The Three Conferences in Europe—Talking out the Cold War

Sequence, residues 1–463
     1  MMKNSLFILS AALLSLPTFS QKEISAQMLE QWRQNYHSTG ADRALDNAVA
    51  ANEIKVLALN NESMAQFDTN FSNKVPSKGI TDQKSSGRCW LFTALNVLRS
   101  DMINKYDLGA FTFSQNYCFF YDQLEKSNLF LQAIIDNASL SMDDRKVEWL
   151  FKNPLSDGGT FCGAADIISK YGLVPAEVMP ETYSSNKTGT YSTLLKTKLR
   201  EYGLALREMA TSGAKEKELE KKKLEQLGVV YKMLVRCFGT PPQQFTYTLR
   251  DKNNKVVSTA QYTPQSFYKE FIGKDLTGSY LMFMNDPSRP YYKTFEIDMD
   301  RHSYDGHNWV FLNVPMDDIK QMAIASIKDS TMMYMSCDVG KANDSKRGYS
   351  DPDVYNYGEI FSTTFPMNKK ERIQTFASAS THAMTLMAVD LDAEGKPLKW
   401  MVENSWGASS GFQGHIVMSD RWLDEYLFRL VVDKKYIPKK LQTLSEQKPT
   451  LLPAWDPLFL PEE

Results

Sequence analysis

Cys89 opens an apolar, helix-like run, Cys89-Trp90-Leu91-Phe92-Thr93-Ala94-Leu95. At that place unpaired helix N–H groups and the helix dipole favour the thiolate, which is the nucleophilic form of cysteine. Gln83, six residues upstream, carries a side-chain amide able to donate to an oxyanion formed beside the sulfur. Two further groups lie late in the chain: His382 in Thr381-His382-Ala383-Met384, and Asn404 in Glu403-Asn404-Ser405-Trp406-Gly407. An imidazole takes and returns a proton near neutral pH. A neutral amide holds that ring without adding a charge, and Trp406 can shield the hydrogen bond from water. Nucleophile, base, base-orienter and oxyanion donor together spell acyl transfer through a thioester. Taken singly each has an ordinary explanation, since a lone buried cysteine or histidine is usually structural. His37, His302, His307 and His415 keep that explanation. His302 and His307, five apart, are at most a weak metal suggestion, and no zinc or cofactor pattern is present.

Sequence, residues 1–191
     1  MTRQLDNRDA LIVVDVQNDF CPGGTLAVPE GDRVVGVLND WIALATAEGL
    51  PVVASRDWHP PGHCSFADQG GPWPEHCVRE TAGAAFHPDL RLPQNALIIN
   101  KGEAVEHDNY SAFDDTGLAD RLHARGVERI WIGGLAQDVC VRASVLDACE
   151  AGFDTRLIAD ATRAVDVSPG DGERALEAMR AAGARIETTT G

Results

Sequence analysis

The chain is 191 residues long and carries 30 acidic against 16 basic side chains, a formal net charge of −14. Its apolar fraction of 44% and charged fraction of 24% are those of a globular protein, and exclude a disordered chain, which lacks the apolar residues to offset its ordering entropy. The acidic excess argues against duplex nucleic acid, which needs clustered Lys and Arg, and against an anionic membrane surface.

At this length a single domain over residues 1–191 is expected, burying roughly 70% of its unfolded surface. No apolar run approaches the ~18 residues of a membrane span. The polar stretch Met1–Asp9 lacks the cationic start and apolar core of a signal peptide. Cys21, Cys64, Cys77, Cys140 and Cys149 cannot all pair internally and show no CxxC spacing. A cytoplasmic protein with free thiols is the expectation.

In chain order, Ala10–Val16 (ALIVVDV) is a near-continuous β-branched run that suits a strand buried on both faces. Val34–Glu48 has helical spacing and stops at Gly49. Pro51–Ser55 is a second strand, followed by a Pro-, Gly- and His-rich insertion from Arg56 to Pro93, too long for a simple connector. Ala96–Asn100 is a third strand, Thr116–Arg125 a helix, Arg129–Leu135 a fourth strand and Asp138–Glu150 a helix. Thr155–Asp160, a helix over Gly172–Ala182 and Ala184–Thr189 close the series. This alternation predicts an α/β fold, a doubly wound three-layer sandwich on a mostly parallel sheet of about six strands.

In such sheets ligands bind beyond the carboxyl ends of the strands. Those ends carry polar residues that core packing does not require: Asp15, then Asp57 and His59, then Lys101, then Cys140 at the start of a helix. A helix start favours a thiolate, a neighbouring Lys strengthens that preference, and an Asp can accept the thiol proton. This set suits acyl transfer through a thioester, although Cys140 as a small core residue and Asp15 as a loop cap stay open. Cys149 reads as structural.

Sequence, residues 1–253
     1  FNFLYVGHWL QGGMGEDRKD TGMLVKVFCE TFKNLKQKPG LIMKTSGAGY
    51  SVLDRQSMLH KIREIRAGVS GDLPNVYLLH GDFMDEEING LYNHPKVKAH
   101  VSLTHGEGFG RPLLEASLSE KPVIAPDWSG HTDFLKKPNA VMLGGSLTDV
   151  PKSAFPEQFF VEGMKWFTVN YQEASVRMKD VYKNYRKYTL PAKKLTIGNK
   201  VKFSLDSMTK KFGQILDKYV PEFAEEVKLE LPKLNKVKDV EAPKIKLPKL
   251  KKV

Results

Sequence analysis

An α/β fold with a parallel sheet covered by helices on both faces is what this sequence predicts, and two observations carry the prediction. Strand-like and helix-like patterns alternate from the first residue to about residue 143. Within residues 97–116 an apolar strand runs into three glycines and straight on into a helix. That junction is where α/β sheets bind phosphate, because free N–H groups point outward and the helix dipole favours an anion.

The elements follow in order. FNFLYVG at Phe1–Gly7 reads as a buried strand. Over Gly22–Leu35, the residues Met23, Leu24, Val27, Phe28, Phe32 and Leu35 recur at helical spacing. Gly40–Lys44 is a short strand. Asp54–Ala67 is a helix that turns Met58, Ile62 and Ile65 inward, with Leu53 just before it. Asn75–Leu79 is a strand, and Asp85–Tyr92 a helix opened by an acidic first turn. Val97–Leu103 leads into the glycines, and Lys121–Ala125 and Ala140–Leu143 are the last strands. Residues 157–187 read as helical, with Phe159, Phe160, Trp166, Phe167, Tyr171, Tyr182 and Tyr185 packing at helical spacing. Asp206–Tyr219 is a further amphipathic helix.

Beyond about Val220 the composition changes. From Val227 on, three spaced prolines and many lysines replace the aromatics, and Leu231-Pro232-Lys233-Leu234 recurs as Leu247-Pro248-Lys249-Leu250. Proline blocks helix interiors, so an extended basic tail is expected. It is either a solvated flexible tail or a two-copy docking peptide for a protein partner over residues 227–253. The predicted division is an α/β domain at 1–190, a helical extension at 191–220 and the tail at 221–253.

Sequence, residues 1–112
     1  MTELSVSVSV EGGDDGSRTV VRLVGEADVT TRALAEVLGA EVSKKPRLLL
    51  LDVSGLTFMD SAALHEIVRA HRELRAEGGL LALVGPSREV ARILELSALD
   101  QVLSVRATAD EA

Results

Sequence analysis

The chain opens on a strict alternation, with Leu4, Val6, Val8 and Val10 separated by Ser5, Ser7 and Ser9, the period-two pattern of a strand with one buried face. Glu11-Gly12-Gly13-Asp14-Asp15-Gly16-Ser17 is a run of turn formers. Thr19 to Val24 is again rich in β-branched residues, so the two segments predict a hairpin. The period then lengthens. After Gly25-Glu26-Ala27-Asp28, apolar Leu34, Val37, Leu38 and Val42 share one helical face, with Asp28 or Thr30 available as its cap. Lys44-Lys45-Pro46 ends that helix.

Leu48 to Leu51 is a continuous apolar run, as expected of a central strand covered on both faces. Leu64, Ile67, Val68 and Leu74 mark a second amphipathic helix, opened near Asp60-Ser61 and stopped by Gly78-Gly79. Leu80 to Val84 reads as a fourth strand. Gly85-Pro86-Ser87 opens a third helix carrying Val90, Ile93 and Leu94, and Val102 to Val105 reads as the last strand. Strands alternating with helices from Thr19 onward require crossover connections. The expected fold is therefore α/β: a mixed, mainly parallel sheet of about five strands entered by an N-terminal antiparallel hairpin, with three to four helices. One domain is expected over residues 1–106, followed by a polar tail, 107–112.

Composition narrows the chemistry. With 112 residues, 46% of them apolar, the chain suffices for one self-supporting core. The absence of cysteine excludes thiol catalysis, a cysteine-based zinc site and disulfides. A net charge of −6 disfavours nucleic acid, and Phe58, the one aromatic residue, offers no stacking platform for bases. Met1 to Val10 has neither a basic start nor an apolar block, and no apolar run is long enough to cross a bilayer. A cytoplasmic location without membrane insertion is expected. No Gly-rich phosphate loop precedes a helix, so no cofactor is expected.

No reader of newspapers, however cursory, can fail to have seen some references to ‘Helsinki’, ‘Vienna’ and ‘Geneva’, the names of three cities which have become a shorthand term for three international conferences which have been in progress throughout 1973 and 1974. They are: the Conference on Security and Co-operation in Europe, originally in Helsinki; the Conference on Mutual Force Reductions (M.F.R.) in Vienna, and S A L T II, the Strategic Arms Limitation Talks, which has found its home in Geneva. These three conferences mark a new chapter in East—West relations. The confrontation between the rival social systems, with its frontier running between the two Germanies, has been the constant factor in international relations since the end of the war. The contestants now wish to make themselves more comfortable by achieving security at a lower level of forces, by making the nuclear arms race safer and less costly, and by arriving at agreement on such issues as trade and technology, the free movement of people and ideas and the inviolability of frontiers.
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